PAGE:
How's this quote from John Elder Robison, Aspergian and author of the best selling, LOOK ME IN THE EYE, to whet your interest: "Science is making real solid progress to remediating some symptoms of autism." Let me repeat that: "REMEDIATING SOME SYMPTOMS OF AUTISM."
My version of the quote goes something like this: "Holy $#it! John, my tall Aspergian friend, is making perfect eye contact with me, he can read my emotions in my face and he is animated! How the heck did that happen?"
Let me back up for a second here. Last night I spoke at the monthly meeting of ASCONN, the Autism Society of Connecticut, greater Hartford region. Thanks to Beth Katten and Melissa DuMont for coordinating the meeting (and the taboo Wheat Thins.)
I was scheduled to present with CAMMIE McGOVERN who, like me, has a chapter in Embracing Autism. Cammie had a family emergency and couldn't attend. So I called my friend John Elder Robison. "John, what are you doing tonight? Want to come to Hartford?" I asked with my fingers crossed. "Sure! I'll tell the group about that new study at Harvard."
John is the master of understatement. That new study is testing Transcranial Magnetic Stimulation on several people with Aspergers and the results have shocked everyone involved. People who were unable to make eye contact, read facial expressions and empathize are suddenly able to do all three. Without losing any of their keen intelligence or in John's case, their wit.
I saw John last night for the first time since last winter. I can see real, physical changes in him. It's crazy! His voice modulates up and down. His facial muscles move more than they did, showing emotion. When we first met last spring, he told me he had trained himself to glance into someone's eyes every 30 seconds or so, just for a moment, to establish an appropriate social rapport. He had trained himself to do that. It wasn't natural for him. Last night, he looked straight into my eyes while we spoke without flinching. (Now that makes a girl feel good! LOL!)
There were at least two people in the audience who had met John and me last December at an event at Elms College, and they too were taken by the visible changes in John. One gal said, "You don't look at the floor when you speak anymore."
Yup, John Elder Robison has had some of the symptoms of his Aspergers reversed in a trial that is currently underway in the Harvard University Neurosciences lab. Here's the story:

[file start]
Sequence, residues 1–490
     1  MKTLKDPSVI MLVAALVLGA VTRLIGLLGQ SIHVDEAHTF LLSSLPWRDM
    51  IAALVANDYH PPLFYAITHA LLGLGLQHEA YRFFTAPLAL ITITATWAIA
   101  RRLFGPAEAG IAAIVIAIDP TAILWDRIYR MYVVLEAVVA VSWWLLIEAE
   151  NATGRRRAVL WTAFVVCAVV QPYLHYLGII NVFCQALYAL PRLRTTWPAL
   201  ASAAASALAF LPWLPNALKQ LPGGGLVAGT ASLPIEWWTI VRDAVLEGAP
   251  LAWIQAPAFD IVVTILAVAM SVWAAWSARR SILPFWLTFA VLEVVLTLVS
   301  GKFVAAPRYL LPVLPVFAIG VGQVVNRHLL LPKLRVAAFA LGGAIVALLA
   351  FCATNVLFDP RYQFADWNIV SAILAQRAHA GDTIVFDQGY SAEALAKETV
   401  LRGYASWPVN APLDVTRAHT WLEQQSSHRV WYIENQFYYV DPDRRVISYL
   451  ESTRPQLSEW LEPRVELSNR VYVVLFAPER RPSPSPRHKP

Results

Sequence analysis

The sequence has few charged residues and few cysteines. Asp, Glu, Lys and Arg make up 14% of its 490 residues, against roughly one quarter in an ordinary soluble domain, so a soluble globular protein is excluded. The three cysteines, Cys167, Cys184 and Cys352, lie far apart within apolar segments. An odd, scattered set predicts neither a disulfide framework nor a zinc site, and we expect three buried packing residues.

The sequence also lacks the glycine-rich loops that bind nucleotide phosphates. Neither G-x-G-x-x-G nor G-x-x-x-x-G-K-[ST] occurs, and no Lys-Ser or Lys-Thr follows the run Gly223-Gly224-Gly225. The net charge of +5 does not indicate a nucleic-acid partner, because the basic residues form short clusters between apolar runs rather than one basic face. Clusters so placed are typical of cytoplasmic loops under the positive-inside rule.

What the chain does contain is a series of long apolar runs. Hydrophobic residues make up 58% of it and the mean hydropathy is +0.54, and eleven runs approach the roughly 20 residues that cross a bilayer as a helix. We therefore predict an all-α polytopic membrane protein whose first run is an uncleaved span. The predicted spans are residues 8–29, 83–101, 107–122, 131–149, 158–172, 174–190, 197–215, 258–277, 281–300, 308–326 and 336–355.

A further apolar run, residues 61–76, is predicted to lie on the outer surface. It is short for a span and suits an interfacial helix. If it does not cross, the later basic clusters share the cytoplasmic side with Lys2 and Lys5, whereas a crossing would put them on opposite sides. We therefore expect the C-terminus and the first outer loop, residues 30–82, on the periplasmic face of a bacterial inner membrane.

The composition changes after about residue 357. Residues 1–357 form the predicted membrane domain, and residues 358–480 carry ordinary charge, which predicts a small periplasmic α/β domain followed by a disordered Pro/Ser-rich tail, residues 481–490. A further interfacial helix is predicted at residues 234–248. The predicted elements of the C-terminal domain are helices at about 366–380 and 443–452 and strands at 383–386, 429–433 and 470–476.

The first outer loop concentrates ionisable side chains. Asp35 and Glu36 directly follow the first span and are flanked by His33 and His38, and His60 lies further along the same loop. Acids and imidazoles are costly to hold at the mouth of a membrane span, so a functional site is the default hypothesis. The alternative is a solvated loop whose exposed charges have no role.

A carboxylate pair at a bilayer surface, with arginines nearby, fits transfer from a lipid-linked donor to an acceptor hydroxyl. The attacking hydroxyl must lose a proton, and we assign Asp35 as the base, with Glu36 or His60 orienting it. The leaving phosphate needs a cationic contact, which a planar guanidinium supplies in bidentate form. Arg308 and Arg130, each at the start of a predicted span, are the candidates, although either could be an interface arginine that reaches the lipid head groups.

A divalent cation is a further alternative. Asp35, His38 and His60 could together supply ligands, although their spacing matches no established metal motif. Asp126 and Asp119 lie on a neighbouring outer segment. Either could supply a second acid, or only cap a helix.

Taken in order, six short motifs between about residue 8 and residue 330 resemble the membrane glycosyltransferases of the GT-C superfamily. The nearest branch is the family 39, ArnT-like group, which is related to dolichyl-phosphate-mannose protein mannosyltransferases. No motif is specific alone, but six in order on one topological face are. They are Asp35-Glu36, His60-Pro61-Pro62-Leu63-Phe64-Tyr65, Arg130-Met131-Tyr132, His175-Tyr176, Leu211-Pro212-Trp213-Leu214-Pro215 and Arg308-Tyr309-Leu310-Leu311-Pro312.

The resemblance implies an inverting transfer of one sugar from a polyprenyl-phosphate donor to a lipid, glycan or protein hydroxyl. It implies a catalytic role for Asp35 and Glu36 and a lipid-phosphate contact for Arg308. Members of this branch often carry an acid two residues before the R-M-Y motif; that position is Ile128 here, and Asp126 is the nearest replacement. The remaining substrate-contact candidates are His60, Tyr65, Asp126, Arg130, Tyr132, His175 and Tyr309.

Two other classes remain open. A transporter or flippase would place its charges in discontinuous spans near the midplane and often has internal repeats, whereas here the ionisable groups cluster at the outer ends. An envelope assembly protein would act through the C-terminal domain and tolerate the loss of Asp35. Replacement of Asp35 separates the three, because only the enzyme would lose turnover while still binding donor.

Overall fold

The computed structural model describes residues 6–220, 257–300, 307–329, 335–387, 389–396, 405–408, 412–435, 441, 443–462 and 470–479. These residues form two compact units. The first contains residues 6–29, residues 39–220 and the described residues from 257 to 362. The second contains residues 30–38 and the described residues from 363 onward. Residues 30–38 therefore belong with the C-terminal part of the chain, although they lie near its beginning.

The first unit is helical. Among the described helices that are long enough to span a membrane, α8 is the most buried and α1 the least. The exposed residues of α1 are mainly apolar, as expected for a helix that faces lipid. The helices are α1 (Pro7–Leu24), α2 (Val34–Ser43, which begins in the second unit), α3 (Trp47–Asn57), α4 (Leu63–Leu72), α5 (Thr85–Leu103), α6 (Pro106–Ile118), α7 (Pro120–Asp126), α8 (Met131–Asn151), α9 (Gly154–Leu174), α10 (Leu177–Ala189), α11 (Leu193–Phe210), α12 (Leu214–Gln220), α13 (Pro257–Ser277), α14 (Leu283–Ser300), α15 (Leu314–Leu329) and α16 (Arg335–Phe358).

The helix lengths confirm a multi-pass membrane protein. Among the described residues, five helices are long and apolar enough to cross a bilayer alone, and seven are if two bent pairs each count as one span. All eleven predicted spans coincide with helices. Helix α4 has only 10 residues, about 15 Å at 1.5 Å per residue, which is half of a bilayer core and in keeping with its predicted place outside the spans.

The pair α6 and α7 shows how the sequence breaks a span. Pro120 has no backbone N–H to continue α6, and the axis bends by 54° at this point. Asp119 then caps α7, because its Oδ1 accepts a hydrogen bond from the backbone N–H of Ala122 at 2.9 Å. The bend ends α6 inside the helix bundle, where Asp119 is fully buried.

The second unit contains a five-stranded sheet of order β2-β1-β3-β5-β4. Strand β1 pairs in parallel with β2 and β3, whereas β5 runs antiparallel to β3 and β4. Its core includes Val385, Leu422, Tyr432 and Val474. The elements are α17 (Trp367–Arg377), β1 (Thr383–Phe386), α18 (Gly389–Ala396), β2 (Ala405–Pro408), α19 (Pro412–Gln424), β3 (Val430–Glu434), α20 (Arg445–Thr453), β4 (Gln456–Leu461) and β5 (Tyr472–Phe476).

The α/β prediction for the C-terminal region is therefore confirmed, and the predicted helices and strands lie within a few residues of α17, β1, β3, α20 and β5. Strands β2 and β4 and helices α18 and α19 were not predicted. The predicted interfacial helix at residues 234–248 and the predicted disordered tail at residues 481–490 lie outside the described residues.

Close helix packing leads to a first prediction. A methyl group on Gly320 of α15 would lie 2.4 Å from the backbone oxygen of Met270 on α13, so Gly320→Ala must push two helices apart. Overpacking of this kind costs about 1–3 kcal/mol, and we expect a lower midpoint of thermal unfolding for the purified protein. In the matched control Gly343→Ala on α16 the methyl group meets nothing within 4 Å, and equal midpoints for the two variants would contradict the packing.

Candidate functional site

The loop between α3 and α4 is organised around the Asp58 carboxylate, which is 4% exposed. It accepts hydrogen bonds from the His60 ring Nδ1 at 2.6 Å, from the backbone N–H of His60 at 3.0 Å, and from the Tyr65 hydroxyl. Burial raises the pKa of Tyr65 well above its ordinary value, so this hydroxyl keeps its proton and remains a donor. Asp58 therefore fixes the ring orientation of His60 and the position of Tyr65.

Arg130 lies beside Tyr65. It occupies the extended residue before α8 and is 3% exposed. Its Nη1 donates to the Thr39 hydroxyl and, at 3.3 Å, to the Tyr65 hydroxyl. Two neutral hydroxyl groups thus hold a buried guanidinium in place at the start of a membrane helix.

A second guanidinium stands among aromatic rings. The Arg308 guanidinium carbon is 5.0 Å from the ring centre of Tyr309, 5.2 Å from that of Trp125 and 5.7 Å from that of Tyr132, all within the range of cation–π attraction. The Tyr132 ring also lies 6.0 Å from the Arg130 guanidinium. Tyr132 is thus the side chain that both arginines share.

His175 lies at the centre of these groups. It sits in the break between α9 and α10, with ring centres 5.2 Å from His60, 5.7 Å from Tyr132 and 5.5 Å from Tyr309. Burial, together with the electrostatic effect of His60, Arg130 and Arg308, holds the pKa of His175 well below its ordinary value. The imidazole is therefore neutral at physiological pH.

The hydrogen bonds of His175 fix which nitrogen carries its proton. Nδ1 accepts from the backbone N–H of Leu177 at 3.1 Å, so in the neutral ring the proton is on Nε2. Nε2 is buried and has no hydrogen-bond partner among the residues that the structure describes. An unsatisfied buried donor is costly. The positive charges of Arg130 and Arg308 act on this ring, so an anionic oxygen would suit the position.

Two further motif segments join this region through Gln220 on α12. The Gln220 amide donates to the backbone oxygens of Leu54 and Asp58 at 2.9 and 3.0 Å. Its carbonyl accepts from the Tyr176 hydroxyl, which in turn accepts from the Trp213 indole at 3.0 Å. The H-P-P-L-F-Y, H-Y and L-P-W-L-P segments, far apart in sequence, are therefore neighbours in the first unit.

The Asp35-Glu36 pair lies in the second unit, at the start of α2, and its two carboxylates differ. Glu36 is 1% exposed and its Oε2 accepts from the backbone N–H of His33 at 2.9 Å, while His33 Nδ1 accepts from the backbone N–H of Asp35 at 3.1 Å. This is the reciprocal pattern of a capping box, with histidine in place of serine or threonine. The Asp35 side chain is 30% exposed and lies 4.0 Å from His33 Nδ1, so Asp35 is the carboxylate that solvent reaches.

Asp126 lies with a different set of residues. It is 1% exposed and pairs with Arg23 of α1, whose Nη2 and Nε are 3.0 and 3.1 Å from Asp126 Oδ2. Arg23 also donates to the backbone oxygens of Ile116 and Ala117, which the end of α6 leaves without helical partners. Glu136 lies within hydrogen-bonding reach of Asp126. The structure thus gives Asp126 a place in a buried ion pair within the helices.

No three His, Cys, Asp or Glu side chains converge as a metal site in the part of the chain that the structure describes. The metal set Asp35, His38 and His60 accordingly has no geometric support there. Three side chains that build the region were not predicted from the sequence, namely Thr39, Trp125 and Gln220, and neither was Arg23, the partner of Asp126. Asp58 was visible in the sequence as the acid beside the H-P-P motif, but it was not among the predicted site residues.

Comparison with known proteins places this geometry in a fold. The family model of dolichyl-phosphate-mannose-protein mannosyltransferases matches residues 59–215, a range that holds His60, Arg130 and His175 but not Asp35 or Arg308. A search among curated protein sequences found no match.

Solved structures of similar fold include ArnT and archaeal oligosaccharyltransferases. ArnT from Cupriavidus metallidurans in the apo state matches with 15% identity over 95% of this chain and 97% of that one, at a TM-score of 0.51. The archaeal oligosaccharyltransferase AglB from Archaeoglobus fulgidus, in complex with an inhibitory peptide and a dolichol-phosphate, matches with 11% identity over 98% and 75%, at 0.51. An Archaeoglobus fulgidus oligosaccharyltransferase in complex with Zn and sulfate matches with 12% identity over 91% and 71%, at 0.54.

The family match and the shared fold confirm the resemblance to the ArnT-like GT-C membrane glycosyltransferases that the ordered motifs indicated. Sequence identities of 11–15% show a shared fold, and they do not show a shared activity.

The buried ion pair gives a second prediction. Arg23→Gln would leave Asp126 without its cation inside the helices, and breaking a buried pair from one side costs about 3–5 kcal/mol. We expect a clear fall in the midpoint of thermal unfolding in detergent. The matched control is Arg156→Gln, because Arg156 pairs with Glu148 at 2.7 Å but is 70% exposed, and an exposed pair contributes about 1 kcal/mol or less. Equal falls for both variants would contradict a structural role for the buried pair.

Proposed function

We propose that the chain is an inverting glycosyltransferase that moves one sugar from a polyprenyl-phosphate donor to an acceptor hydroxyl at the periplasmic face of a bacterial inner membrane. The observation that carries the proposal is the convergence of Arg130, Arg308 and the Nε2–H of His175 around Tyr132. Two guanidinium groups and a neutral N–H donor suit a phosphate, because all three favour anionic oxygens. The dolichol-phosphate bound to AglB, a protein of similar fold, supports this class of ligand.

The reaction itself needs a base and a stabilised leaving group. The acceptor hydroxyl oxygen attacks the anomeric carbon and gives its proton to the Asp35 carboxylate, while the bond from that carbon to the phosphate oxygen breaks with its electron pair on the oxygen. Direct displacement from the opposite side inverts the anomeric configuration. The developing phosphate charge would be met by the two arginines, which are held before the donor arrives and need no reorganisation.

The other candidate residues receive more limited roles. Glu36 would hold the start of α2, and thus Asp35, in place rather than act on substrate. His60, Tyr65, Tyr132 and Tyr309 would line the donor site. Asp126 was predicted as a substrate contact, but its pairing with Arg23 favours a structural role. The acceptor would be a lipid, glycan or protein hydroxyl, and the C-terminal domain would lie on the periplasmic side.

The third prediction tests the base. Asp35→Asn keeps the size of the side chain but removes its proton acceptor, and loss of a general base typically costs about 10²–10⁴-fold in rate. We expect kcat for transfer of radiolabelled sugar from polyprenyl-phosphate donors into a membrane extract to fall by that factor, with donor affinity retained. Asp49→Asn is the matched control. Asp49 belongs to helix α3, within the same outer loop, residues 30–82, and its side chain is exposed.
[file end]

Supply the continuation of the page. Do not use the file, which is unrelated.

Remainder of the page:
The study is being conducted by Dr. Alvaro Pascual-Leone who is a Professor of Neurology at Harvard Medical School and Director of the Center for Non Invasive Brain Stimulation at Beth Israel Deaconess Medical Center. (TMS Lab) The tests are scientifically trackable and verifiable as eliciting real changes in the brain. Functional MRI proves it. The treatment is non-invasive and painless. My insufficient summary of the theory behind the study is that everything our kids/people with autism need to function is in their brain intact. But that our kids are running the "wrong software program" and thus are impaired. TMS allows the brain to run the proper software. In other words, our kids are NOT brain damaged and their wiring is just fine, they just aren't using the tracks they need to. And the proper tracks can be turned on!
After hearing of John's experiences, the scientists were stunned to hear other study participants describe new insights into their own emotional intelligence. One participant told of reading the emotional meaning in sentences for the first time, and another talks of "seeing what I'd been missing." Can you imagine the impact of that? It takes my breath away. It appears that the test subjects who have seen results are very pleased with their newfound abilities. In other words, losing some of their autistic traits has not diminished them.
Even better, the doctors never expected the results of this treatment to last more than a few hours at most! And yet, they are lasting far longer for John and the other participants. Currently, more than a month.
You can learn much more than I can explain at John's blog HERE. He expects this story to hit the mainstream media perhaps as early as this Fall. The testing is being done on verbal adults at this time. But the researchers will likely add more significantly impaired people as the tests progress. Perhaps including children at some point, if ethics allow.
I can't tell you how beautiful it was to watch John talk to me with full on eye contact. Not because I didn't enjoy my friend exactly as he was when his eye contact was fleeting. Not for a minute. But because he is obviously so pleased himself. I asked him, "So, what color are my eyes?" (He'd said that prior to the test he could not tell you people's eye color.) "Blue!" he said with certainty.
I'd like to thank John for allowing me to share his story here at Age of Autism. I've made a few changes to the original piece with John's input. Mark Blaxill is our science guy and now I know why. But I'll keep you posted on developments.
Here are some photos that illustrate the changes in John. The one below is the first time he and I met last Spring.
What do you think? See a difference? (Um do you think it's just me? I made him look so serious?) ;)
Kim Stagliano is Managing Editor of Age of Autism.